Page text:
In today's game we examine the most recent example of a computer - generated move. There is still a lot of game to play afterward, however.
Petasluk - GriffyJr
5 0 blitz, FICS, 2017
1.e4 e5 2.Nf3 Nc6 3.Bc4 Bc5 4.Bxf7+
4...Kxf7 5.Nxe5+ Nxe5 6.Qh5+ Ke6 7.f4 Bd4
An interesting and somewhat unusual idea. The earliest example of it in The Database was played in 2002 by the computer program BigBook at the online site FICS.
Instead, 8.c3 was seen in the oldest and most recent games with the line in The Database: 8...Nd3+ 9.Kd1 (9.Kf1 Nxc1 10.cxd4 a6 11.Qe5+ Kf7 12.Nc3 Nd3 13.Qf5+ Qf6 14.Qxf6+ Nxf6 15.e5 Ne8 16.f5 Nxb2 17.Rb1 Nd3 18.g3 a5 19.a3 b6 20.Ke2 Ba6 21.Ke3 Bc4 22.Nb5 a4 23.Rhc1 Nxc1 24.Rxc1 Bxb5 25.h4 c6 26.g4 d6 27.g5 dxe5 28.dxe5 c5 29.d4 cxd4+ 30.Kxd4 Be2 31.e6+ Ke7 32.Rc6 b5 33.Rb6 Nd6 34.Rc6 Nxf5+ 35.Ke5 Nxh4 36.Rc7+ Kf8 37.e7+ Ke8 38.Ke6 Ng6 39.Rc2 Bf1 40.Rf2 Bd3 White forfeited on time, megagurka - BigBook, FICS, 2002) 9...Nf2+ 10.Ke2 Nf6 11.Qf5+ Kf7 12.cxd4 Nxh1 13.d3 d5 14.e5 Bxf5 White resigned, Petasluk - GriffyJr, FICS, 2017.
And there was also another computer-with-black game: 8.f5+ Kd6 9.d3 g6 10.Qe2 gxf5 11.c3 Qh4+ 12.g3 Bxc3+ 13.bxc3 Qg4 14.d4 Nf3+ 15.Kf1 Qh3+ 16.Kf2 Nxh2 17.Bf4+ Ke7 18.exf5+ Kf8 19.Nd2 Nh6 20.Bxh6+ Qxh6 21.Kg2 Qg5 22.Rxh2 Qxf5 23.Rf1 d5 24.Rxf5+ Bxf5 25.Qe5 Kf7 26.Rh5 Bd7 27.Qxd5+ Kg6 28.Ne4 Rae8 29.Qg5+ Kf7 30.Qf6+ Kg8 31.Rg5 checkmate, Moller,M - Mephisto, Denmark 2008.
Interestingly, Stockfish 8 suggests 8.fxe5 g6 9.Qg4+ Kf7 10.Qf4+ Kg7 11.c3 Bb6 12.a4 a5 13.d4 d6 14.O-O Qe7 15.exd6 cxd6 16.Na3 Be6 17.Kh1 h6 18.d5 Bd7 19.Nc4 Bc5 20.e5 Rf8 21.Qxf8+ Qxf8 22.Rxf8 Kxf8 23.Bf4 Ne7 with an even game because White's pawns are balancing out Black's extra piece.
A clear improvement over 9.c3 Nd3+ 10.Ke2 Ne7 11.e5+ Nxe5 12.fxe5+ Bxe5 13.Qd3+ Ke6 14.Qc4+ d5 15.Qg4+ Kd6 16.d4 Bxg4+ White resigned, fehim - blik, FICS, 2006. (Yes, blik is a computer.)
If it can't see a reason not to, a computer will grab material. Here GriffyJr shows some nearsightedness.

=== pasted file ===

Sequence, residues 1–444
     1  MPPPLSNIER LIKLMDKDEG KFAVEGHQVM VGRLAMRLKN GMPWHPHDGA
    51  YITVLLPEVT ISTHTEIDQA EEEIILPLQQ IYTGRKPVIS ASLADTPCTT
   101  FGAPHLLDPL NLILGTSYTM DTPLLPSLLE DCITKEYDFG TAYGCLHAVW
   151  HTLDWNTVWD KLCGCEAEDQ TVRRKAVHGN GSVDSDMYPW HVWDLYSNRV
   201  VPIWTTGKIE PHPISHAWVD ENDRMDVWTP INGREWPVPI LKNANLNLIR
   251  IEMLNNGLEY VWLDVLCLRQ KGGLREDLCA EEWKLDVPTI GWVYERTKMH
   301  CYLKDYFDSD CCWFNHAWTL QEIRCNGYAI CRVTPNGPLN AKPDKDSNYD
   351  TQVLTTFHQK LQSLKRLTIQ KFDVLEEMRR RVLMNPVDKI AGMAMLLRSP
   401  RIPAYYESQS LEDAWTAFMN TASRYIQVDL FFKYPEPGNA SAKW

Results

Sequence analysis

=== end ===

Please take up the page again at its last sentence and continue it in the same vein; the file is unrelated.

Interestingly, two earlier several-days-per move games (all players human) missed the idea:
10.O-O Qh4 11.h3 Qg3 12.Rf2 Nf6 13.d4 Bxd4 14.Bf4+ Kc6 15.Bxg3 Bxf2+ 16.Bxf2 d6 17.Qa5 Nxe4 18.Qa4+ Kd5 19.Nc3+ Nxc3 20.bxc3 Ke6 21.Re1+ Kf6 22.Qf4+ Kg6 23.Re3 Bf5 24.Rg3+ Kf6 25.Bd4+ Ke6 26.Re3+ Kd7 27.Qxf5+ Kd8 28.Bxg7 Rg8 29.Bf6 checkmate, blackburne - eddie43, Jerome Gambit thematic, ChessWorld.net, 2008; and
10.c3 Nh6 11.Qf3 c5 12.Qd3+ Kc7 13.Na3 a6 14.Nc4 d6 15.Rb1 Qh4+ 16.g3 Qh3 17.Nxe5 dxe5 18.Qe3 b6 19.b4 Rf8 20.bxc5 b5 21.Ba3 Ng4 22.Qg5 Rf7 23.Qh4 Qg2 24.Qxg4 Bxg4 White resigned, Gary_Seven - drewbear, JG3 thematic, ChessWorld.net 2008.
GriffyJr decides to mix it up.
Yikes. Instead, GriffyJr gets mixed up. I have no idea how or why. Much better was 11...Kc6.
12.dxe5+ Qxe5 13.Qxe5+
Oh, dear. The crusher was, of course, 13.Bf4 winning Black's Queen. These things happen in blitz games.
14.Nc3 Nf6 15.g3 Nxe4 16.Bf4+ Kf5 17.Nxe4 Kxe4 18.Re1+ Kf5 19.Kg2 b6 20.Rhf1 Bb7+ 21.Kh3 Ba6 22.Rf2 c6
23.Be5+ Kg6 24.Rd2 d5 25.Rd4 Bc8+ 26.Kg2 Bf5 27.h3 Rhe8
By focusing on development Black has pulled ahead. Still, if White can exchange Rooks, the possibility of a drawn bishops-of-opposite-color endgames is there.
Unfortunately, the computer can move lightning fast, while the human actually has to think - a disadvantage in blitz. White makes a tactical slip.
28.g4 Bxc2 29.h4 Be4+ 30.Kg3 Rxe5 White resigned